Chris Lake’s Six Golden rules for remixers

Chris Lake Squeak



“So going back to what I touched on earlier, I’m writing a lot of material, I’m hoping you’ll get to hear a lot of it soon. I live this. That’s the simple truth, I like many musicians wake up every day, with my first thought being music, and my last thought being music. I can’t shake that. It’s been happening to me now for 16 years. It’s my main form of expression.”


Is what Ultra Records veteran Chris Lake wrote on his Facebook page.

The message is posted along with his new release of “Squeak

Chris says the track is

“It’s fun, it’s simple, and it works.”


In this in the mix feature, Chris shares six tips any remixer should take note of before starting the job.

1. Use your first impressions.

“Before I take on the assignment, I usually look to have an idea for the remix by the first time I’ve listened to the track. There have been cases where I’ve taken on remixes in the past without having any idea what I’ll do to it, and it’s been a real struggle to get a great vibe.”


2. Mess with it.

“This is where Ableton Live shows its strengths for me. I just throw the parts into a project, and start throwing plug-ins at sounds, catching little loops of certain parts, and seeing what comes out of it. Ableton Live is so quick, that I can get some great soundscapes going very quickly that sound nothing like the parts I began with.”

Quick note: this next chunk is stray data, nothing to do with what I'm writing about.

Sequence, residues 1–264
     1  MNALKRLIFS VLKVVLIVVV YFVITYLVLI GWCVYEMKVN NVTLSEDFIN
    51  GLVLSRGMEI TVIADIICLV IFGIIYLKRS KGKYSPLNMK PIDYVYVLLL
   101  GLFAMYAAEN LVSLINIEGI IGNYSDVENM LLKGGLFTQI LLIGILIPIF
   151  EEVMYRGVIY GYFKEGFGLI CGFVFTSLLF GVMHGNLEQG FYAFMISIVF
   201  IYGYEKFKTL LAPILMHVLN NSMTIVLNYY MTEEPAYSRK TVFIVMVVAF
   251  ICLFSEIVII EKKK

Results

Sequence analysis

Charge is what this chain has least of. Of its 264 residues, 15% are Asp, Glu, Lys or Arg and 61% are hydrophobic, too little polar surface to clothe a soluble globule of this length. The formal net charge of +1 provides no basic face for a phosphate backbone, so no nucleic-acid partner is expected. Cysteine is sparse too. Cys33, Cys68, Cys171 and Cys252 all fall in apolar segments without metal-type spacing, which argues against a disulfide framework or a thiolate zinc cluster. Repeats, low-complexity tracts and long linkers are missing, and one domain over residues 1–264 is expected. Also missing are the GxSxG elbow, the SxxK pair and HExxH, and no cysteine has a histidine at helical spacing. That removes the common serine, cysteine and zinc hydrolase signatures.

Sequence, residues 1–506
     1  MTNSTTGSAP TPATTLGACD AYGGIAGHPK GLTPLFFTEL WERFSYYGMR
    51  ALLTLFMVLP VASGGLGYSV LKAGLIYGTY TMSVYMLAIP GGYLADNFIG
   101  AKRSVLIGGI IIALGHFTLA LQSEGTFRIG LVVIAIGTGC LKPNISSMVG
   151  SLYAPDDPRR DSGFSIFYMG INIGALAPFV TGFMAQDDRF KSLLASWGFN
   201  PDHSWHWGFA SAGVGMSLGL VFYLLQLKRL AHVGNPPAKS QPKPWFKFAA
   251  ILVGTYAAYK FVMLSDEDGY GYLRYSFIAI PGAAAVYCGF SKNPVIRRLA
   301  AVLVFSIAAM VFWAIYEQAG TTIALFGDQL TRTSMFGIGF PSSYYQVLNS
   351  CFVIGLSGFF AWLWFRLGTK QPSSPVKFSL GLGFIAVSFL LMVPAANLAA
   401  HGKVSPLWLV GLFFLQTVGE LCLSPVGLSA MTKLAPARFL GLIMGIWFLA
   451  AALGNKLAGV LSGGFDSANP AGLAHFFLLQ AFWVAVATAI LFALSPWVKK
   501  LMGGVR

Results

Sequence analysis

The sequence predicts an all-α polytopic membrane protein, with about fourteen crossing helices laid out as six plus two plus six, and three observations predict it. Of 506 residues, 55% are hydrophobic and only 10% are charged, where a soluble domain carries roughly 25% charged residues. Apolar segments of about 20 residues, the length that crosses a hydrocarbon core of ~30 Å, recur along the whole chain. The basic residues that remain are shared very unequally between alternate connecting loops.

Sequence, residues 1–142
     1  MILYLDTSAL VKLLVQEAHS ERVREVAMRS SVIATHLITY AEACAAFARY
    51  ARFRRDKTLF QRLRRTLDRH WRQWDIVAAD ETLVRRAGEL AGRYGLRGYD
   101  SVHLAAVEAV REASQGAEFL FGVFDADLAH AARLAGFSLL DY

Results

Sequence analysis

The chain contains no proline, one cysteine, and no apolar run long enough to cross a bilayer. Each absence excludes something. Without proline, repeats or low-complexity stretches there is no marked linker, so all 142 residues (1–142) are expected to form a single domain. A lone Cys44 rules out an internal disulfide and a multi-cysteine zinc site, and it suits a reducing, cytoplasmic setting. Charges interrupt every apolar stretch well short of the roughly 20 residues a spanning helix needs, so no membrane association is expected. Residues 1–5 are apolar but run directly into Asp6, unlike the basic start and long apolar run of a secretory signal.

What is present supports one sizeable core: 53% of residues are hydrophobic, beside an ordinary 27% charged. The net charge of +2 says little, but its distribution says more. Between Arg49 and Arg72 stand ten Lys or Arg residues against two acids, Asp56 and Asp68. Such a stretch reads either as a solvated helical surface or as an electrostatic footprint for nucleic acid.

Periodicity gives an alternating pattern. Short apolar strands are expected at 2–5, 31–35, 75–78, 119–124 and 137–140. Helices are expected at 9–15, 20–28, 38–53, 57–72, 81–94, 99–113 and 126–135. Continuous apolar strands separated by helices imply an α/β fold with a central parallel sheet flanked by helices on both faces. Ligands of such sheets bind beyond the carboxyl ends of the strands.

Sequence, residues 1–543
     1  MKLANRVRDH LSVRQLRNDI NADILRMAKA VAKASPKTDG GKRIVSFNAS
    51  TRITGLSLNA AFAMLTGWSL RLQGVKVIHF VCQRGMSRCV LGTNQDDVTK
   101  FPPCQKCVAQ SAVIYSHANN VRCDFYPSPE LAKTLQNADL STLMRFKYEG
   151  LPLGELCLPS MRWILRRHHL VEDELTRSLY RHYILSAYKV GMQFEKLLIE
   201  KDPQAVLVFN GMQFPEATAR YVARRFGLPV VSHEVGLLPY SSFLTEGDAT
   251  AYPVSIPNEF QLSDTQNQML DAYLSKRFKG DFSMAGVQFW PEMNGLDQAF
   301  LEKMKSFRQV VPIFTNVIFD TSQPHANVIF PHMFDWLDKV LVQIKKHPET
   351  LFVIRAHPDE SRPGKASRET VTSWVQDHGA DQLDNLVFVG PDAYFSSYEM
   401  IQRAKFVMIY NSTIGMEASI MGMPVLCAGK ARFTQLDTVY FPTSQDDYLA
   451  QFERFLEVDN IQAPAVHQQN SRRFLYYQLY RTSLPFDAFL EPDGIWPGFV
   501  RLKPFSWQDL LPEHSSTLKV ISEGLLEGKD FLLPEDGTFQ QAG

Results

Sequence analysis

3. Bring something unique.

“I always try to do something to my remixes that I wouldn’t expect anyone else to do. This helps keep what you’re doing more unique. Find that signature sound of yours, and run with it.”


4. Keep it fun for yourself.

“This is less of a tip, but more something to have fun, and keep things interesting for yourself (if you have a boisterous nature like me). I like to put silly recorded sounds into my remixes, just subtle enough so I can hear them, and nobody else would know what it really is. I’ve put some bad shit in my remixes in the past. Lots of rude noises. Lots.”


5. Cross-check.

“If you get stuck, open up a recent project you’ve done that you’re happy with, and figure out what makes that work. Try take a couple of elements from that track over to your remix to see if it inspires you to do something else. It doesn’t have to stay in the track at the end, but you can just use it to help move ideas along in the creation stage.”


6. Compare and improve.

“Compare your mix to other tracks that you’d play out, or consider similar mix-wise. Make sure it sounds better than theirs. Sample Magic have a cool A-B comparison plug-in that I tested recently that allows you to easily compare your mix to other tracks with a click of a button.”

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